“When my advisor told me the dissertation process typically takes a year and a half or even two years, the overachiever in me was thinking, ‘I’ll have mine done in seven to eight months.’” Sessa recalls. “I knew when I wanted to graduate and what I’d need to do in order to make it happen.”

Sessa ended up completing his dissertation in eight and half months and graduating by his declared date, but he says earning his doctorate was not without its challenges.

“I was working full time, so I had to consciously make time to study,” says Sessa. “There were plenty of Sundays when I would spend 15 hours studying while my friends were out drinking mimosas, but the effort and sacrifice were absolutely worth it.”

Sessa says that while some people look at a doctorate in terms of how much more money they might earn once they have one, he came to see the value of the degree in a broader context.

“The process of earning my doctorate gave me a sense of accomplishment and self-confidence that have been every bit as valuable as anything I learned in any class,” Sessa says. “It’s done more than enhance my career. It’s enhanced my life.”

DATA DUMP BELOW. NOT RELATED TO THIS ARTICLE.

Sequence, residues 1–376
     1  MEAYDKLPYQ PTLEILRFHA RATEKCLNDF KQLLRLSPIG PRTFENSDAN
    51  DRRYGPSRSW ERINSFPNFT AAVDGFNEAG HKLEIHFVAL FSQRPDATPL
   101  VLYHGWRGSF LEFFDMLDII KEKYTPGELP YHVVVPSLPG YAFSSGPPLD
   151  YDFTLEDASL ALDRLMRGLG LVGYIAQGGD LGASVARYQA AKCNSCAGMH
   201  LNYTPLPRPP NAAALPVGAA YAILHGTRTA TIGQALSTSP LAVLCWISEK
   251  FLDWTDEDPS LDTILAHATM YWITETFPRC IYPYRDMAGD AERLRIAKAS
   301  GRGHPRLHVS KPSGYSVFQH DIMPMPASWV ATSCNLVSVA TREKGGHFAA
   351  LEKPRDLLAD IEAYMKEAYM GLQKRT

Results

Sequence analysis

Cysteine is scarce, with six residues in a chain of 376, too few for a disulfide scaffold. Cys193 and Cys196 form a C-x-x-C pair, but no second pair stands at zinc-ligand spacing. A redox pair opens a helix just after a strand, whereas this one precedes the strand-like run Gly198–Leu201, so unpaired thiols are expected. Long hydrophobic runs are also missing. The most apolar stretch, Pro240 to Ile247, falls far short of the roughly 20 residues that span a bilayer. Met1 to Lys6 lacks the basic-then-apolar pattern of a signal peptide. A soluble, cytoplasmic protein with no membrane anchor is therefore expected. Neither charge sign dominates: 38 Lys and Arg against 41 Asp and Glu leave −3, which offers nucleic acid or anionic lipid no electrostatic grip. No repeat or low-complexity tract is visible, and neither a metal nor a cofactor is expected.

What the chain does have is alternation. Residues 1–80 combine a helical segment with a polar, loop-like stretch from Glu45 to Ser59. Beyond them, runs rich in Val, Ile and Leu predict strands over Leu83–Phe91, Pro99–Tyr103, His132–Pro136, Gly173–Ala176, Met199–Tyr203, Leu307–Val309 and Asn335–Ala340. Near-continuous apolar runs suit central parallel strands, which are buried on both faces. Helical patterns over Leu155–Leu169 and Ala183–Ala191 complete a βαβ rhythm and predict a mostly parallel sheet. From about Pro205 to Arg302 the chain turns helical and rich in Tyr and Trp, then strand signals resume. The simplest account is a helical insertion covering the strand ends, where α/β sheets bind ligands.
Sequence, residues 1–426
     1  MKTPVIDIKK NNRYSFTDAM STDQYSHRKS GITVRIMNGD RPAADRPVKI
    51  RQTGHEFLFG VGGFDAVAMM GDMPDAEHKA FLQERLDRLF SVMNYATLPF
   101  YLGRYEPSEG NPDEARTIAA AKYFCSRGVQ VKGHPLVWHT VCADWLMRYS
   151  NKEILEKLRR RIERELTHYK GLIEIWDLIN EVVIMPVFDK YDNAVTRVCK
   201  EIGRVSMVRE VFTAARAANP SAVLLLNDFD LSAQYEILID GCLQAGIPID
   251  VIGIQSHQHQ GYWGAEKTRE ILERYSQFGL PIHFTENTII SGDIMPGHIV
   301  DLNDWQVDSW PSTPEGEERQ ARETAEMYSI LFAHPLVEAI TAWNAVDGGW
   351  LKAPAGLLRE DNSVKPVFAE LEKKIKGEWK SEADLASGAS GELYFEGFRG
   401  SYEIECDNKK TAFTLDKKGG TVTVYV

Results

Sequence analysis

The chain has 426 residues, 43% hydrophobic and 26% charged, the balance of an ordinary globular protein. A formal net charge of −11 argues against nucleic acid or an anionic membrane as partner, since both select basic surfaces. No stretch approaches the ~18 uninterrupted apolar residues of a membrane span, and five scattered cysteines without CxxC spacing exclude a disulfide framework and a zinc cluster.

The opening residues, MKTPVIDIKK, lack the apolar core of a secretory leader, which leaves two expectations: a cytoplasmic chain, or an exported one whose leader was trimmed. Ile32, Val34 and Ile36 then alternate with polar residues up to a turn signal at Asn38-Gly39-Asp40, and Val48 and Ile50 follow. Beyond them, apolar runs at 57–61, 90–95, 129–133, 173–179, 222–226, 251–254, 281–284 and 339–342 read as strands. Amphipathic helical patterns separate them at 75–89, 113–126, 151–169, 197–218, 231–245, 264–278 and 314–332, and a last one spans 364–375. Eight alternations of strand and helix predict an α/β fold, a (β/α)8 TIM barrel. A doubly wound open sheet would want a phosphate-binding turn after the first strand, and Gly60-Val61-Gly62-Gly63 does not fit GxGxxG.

Sessa says he’s always been self-motivated, thanks to the discipline he developed as a competitive swimmer.

“I competed from ages 10 to 21, and swimming taught me a lot about focus, determination, and finishing whatever I start,” Sessa says. “When you’re halfway across the pool, you have to push yourself to finish the race and touch that wall, no matter how well you’re doing or how you happen to be feeling at that moment.”

The son of a steel mill worker and a teacher’s aide, Sessa grew up on an Indiana farm.

“As much as I love my parents and my childhood, I wanted different things,” says Sessa. “I knew if I wanted to get off the farm and get out of Indiana, education would be my ticket. I worked as model during my twenties, but I always knew it was a career that would only last so long. I valued education because it’s something you have forever, something no one can ever take away.”

While Sessa had no clue he’d end up in a career where he would be advocating for the well-being of animals, he says it feels like his life has come full circle.

“As a farm kid from the Midwest who grew up loving and having empathy for animals, I pinch myself that I get to do work I’m passionate about,” Sessa says. “If someone had told me even five years ago that I’d travel to Washington, D.C. to lobby Congress in support of a resolution my partners and I drafted with Congressional allies to condemn the Yulin Dog Meat Festival, I would never have believed them,” says Sessa. “I also never imagined that I’d travel to China to rescue animals and co-write and direct a documentary like The Road to Yulin: and Beyond. The twists and turns my career—and my life—have taken in the past few years continue to amaze me.”

Sessa believes that while no one can save the world singlehandedly, everyone can do something.

“I feel like it’s a privilege to do work that matters,” he says. “When I look at the faces of the dogs we rescue—and the faces of the people who adopt them—I know we’re helping make the world a better place.” ###